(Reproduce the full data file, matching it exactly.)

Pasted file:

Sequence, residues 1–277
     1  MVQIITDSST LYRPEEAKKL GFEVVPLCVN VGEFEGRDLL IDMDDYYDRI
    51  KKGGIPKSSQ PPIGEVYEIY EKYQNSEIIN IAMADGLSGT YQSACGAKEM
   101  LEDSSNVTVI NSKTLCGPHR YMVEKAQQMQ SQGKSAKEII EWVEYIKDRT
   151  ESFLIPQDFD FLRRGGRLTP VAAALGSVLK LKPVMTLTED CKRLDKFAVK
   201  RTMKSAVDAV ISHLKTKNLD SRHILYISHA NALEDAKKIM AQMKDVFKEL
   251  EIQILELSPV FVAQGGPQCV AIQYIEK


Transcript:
Sequence, residues 1–277
     1  MVQIITDSST LYRPEEAKKL GFEVVPLCVN VGEFEGRDLL IDMDDYYDRI
    51  KKGGIPKSSQ PPIGEVYEIY EKYQNSEIIN IAMADGLSGT YQSACGAKEM
   101  LEDSSNVTVI NSKTLCGPHR YMVEKAQQMQ SQGKSAKEII EWVEYIKDRT
   151  ESFLIPQDFD FLRRGGRLTP VAAALGSVLK LKPVMTLTED CKRLDKFAVK
   201  RTMKSAVDAV ISHLKTKNLD SRHILYISHA NALEDAKKIM AQMKDVFKEL
   251  EIQILELSPV FVAQGGPQCV AIQYIEK